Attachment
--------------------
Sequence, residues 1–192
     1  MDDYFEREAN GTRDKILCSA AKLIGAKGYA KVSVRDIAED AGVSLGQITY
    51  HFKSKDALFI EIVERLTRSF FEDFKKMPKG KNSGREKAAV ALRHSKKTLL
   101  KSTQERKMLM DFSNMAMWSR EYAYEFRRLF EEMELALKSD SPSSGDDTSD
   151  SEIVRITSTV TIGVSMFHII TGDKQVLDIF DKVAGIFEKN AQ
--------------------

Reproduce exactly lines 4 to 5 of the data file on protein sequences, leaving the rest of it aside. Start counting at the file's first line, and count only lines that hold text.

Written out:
   101  KSTQERKMLM DFSNMAMWSR EYAYEFRRLF EEMELALKSD SPSSGDDTSD
   151  SEIVRITSTV TIGVSMFHII TGDKQVLDIF DKVAGIFEKN AQ